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2011.10.05 > For Immediate Release
contact: Charley Reed - University Relations
phone: 402.554.2129 - email: cdreed@unomaha.edu

Convocation 2011 Address: Mission as 'Stewards of Place' Continues, Gains Momentum

Omaha - What follows are remarks delivered by Chancellor John Christensen during the 2011 Convocation on Oct. 5 inside the University of Nebraska at Omaha Strauss Performing Arts Center in front of an audience of students, faculty, staff, alumni and the community.

Good morning and welcome to the 2011 convocation. Thank you for attending as always, and special thanks to our guests who have made time to join us today. This is a great time in history to be a Maverick!

Two years ago, I shared my enormous pride in the strides we’d made in realizing our mission as "stewards of place" and attaining our strategic goals of being student-centered, building and sustaining academic excellence, and engaging the community through our teaching, research, and service. That progress continues today, has gained considerable momentum, and remains the foundation for achieving our vision.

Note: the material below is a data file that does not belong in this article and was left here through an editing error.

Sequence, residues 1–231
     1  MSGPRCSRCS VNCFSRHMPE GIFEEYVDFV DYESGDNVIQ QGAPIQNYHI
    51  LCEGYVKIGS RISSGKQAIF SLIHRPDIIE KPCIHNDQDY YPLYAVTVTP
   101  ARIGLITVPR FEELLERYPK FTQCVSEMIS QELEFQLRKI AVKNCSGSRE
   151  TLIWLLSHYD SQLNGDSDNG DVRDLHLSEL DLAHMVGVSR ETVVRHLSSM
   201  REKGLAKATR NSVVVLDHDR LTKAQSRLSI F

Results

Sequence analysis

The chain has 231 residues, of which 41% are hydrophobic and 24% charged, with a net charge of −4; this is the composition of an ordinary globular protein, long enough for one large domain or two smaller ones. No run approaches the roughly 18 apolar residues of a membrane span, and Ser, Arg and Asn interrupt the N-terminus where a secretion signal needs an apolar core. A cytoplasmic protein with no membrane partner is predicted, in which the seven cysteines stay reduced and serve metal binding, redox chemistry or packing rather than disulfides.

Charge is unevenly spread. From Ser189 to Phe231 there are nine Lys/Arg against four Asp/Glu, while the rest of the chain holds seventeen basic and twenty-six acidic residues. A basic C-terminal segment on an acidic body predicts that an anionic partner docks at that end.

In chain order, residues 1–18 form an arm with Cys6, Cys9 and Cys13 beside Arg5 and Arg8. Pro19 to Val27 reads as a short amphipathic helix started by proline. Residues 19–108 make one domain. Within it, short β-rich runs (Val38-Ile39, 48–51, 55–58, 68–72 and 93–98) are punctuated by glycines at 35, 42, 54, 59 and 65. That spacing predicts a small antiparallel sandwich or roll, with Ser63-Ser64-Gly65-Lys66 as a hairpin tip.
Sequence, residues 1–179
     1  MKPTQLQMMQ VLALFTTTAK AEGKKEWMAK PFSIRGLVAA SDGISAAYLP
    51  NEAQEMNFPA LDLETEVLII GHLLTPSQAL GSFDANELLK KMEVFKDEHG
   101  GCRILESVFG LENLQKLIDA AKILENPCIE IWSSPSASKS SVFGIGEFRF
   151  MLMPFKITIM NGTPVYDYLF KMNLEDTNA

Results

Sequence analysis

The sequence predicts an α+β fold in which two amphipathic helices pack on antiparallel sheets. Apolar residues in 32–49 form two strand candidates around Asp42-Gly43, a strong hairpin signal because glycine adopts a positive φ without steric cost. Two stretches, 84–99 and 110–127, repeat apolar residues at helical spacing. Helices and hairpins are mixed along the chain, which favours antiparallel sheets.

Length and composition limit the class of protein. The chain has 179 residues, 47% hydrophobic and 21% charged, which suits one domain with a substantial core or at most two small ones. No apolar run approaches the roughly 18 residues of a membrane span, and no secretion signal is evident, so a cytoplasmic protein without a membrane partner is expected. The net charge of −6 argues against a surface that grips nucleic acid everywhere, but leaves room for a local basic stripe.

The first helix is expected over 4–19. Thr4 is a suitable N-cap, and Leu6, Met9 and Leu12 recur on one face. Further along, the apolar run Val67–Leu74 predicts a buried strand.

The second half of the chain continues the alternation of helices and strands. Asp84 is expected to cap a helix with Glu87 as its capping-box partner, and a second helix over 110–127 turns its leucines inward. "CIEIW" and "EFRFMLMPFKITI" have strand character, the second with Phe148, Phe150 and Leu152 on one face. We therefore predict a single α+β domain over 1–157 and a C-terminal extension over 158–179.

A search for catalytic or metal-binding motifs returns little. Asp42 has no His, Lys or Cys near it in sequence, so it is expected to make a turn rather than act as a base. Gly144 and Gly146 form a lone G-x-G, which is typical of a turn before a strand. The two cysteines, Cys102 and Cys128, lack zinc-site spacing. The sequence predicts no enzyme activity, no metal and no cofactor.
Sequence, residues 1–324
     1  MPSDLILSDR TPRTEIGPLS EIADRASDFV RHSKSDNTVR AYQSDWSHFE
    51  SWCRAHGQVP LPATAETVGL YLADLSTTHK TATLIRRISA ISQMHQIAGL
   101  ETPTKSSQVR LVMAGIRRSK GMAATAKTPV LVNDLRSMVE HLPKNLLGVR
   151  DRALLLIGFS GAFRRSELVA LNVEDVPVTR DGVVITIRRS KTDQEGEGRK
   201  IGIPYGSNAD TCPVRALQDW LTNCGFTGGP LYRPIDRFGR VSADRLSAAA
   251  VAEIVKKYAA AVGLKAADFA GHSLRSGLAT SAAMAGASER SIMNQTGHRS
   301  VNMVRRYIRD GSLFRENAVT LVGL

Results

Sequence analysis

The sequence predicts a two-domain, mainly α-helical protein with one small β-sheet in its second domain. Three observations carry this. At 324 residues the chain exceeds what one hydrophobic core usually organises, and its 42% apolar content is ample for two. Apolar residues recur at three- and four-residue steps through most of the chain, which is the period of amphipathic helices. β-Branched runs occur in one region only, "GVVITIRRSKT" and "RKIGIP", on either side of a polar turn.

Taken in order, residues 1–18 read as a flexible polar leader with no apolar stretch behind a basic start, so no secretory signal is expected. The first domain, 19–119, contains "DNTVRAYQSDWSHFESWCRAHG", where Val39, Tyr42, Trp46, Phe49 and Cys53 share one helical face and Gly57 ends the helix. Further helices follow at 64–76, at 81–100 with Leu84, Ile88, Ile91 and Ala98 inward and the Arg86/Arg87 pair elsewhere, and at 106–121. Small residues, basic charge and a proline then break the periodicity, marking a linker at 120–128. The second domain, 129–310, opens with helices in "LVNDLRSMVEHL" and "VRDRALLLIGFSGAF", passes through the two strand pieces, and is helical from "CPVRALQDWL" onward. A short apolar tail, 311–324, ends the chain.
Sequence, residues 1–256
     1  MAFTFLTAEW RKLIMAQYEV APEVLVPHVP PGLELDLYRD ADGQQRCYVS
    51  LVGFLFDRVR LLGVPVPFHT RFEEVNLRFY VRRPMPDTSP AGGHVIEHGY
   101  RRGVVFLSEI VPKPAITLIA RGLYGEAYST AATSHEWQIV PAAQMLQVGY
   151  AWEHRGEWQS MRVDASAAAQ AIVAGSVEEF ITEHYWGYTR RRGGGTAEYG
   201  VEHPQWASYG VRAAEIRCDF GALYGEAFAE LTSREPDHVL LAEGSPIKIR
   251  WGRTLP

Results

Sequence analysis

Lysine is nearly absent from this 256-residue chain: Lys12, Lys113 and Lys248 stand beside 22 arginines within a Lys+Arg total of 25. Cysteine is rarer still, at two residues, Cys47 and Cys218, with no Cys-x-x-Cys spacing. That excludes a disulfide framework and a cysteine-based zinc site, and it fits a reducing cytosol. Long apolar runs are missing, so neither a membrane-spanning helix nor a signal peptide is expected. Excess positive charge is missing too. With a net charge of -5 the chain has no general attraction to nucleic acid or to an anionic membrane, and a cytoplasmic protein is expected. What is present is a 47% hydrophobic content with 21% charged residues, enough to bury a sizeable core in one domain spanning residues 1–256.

Over several years, numerous campus conversations and annual strategic planning events, involving campus and community, have helped us set forth an ambitious, yet challenging vision -- to be one of the nation’s leading metropolitan universities. We examined our role and mission in a new and perhaps, broader, light. We began to think big and envision a new horizon for our institution. In the words of Bob Dylan, "the time’s, they are a-changin," and we were willing to seize the moment and embrace the future.

Achieving leadership among metropolitan universities will require the support of the entire campus family acting as one, close collaboration with our community, and the ability to think, plan, and do, strategically. At the same time, we must remain nimble and adaptable to meet continuing and emerging needs of the community and campus. Simply, accepting the challenges inherent in realizing our vision is not an option, but rather, an obligation to those we serve now and in the future.